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Friday, 30 November, 2001, 14:51 GMT
Argentina's young Aids victims
Argentine Aids prevention poster
Aids campaign: Many mothers do not know they are ill
By the BBC's Lourdes Heredia in Buenos Aires

Thirteen-year-old Dario has lived in Buenos Aires' Muniz hospital in Buenos Aires for the last three months. He has Aids.

He contracted the virus at birth, as did 95% of the children infected with the HIV virus in Argentina.

My parents are not here anymore, but my grandmother always wakes me up for my medicines

Dario's is one of the 18,000 cases of the disease registered in Argentina, although the real number is believed to be up to seven times that.

Aids was first detected in Argentina in 1982.

When he is not in hospital, Dario says his life is like that of his peers.

"It's not that bad. The worst thing is having to wake up at night to take the medicines.

"Also I know I cannot run in the rain and I have to wear a sweater if it's cold. I have to be very careful not to get sick or they will take me to the hospital," he says.


Dario loves to play football and mess around like most other young teenage boys.

At the hospital his best friend is Lucas. They have a good time together, but now Dario wants to go back home.

Dario has drawn a picture for his sister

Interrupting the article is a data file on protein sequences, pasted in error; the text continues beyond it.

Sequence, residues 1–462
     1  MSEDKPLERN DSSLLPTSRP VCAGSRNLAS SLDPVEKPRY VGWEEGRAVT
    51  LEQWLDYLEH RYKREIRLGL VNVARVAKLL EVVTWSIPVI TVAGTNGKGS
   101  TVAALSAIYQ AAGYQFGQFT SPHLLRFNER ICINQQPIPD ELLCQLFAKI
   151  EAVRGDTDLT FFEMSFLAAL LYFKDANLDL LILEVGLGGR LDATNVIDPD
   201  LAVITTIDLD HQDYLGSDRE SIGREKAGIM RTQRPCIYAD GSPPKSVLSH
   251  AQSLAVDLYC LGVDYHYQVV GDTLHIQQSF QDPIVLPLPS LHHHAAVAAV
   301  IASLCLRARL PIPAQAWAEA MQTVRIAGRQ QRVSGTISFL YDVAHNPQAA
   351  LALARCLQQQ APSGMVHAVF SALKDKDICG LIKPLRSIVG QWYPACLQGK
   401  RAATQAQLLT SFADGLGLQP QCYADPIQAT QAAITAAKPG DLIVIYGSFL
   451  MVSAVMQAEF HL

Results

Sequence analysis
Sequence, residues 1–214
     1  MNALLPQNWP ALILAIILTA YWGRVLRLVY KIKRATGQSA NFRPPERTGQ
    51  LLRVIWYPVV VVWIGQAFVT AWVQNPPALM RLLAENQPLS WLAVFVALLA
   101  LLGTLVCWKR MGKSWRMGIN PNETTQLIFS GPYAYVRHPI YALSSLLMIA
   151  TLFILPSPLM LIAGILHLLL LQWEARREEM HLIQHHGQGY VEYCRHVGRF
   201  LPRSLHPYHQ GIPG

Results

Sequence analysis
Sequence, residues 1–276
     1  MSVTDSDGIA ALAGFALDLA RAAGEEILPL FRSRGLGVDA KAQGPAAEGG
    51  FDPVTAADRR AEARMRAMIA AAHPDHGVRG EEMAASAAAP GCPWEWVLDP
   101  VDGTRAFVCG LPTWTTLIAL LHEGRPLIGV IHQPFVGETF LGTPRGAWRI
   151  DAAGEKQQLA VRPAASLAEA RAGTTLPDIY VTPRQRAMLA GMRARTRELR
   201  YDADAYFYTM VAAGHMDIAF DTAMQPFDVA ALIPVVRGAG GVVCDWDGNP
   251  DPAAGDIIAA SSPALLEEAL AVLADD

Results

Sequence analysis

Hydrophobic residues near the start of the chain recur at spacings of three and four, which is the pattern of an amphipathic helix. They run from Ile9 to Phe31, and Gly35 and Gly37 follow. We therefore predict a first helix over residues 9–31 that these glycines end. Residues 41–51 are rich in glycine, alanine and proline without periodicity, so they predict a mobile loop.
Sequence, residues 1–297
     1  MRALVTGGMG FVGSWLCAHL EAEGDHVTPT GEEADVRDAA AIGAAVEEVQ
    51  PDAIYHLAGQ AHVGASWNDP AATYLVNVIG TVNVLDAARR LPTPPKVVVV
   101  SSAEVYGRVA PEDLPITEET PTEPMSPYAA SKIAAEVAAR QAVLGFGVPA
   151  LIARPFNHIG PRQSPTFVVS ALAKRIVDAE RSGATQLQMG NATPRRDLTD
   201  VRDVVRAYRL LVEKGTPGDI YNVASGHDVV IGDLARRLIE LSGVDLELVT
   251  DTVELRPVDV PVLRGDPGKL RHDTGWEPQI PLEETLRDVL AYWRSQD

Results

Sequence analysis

Dario has drawn a picture to give his sister when he returns home
"I miss my sister. She is five years old and she does not have any virus. She is really gorgeous," he says with a wide smile.

He shows a drawing which he will give to his sister when he returns home in a week's time.

Dario lives with his grandparents. His mother is dead and his father is in prison.

"My parents are not here anymore, but my grandmother always wakes me up for my medicines," he says.

"She's really good and she doesn't get angry when I don't want to swallow the pills."

Dario knows that he is different from other children, but he still believes he will become an architect or at least a builder like his grandfather.

Worst enemy

Dario is in hospital to try out a new treatment. His doctor is Robert Hirsch, who runs the unit for HIV-infected children at the hospital.

Sometimes the treatment does not work because they don't have enough food or because they are not given their regular doses of medicine

Dr Robert Hirsch
Dr Hirsch treats 130 youngsters, infected by their mothers during birth.

"The problem is that most of the time, not even the mother knows that she is sick," he says.

He adds that most of these children live in squalid conditions.

"These kids can be controlled with a good treatment. And they live virtually a normal life, but is not easy. Poverty is their worst enemy," he says.

"Sometimes the treatment does not work because they don't have enough food or because they are not given their regular doses of medicine."

The recession in Argentina, now in its fourth year, further complicates the situation.

Dr Hirsch says that he is not envied by his colleagues.

People believe that working with children infected by HIV can be very emotionally draining, but he says that it is just the opposite.

"They live for life. They never give up even when they are suffering. They are a model for many of their elders to follow," he says.

See also:

28 Nov 01 | Health
HIV discrimination 'rife'
28 Nov 01 | Health
'My fight against discrimination'
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